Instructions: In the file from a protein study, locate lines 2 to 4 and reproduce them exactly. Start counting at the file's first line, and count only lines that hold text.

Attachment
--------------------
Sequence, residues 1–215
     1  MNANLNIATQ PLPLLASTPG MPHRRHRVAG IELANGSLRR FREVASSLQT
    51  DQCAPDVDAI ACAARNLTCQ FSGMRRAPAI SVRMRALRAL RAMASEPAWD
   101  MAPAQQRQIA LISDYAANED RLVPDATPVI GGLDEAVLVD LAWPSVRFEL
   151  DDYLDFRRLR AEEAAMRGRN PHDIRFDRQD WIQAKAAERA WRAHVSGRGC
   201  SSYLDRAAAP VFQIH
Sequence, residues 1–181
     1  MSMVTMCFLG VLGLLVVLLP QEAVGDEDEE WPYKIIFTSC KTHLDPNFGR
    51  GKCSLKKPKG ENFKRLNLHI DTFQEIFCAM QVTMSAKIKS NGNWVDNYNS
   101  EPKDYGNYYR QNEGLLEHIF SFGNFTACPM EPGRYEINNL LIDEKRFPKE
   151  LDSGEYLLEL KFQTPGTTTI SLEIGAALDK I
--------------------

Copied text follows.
     1  MNANLNIATQ PLPLLASTPG MPHRRHRVAG IELANGSLRR FREVASSLQT
    51  DQCAPDVDAI ACAARNLTCQ FSGMRRAPAI SVRMRALRAL RAMASEPAWD
   101  MAPAQQRQIA LISDYAANED RLVPDATPVI GGLDEAVLVD LAWPSVRFEL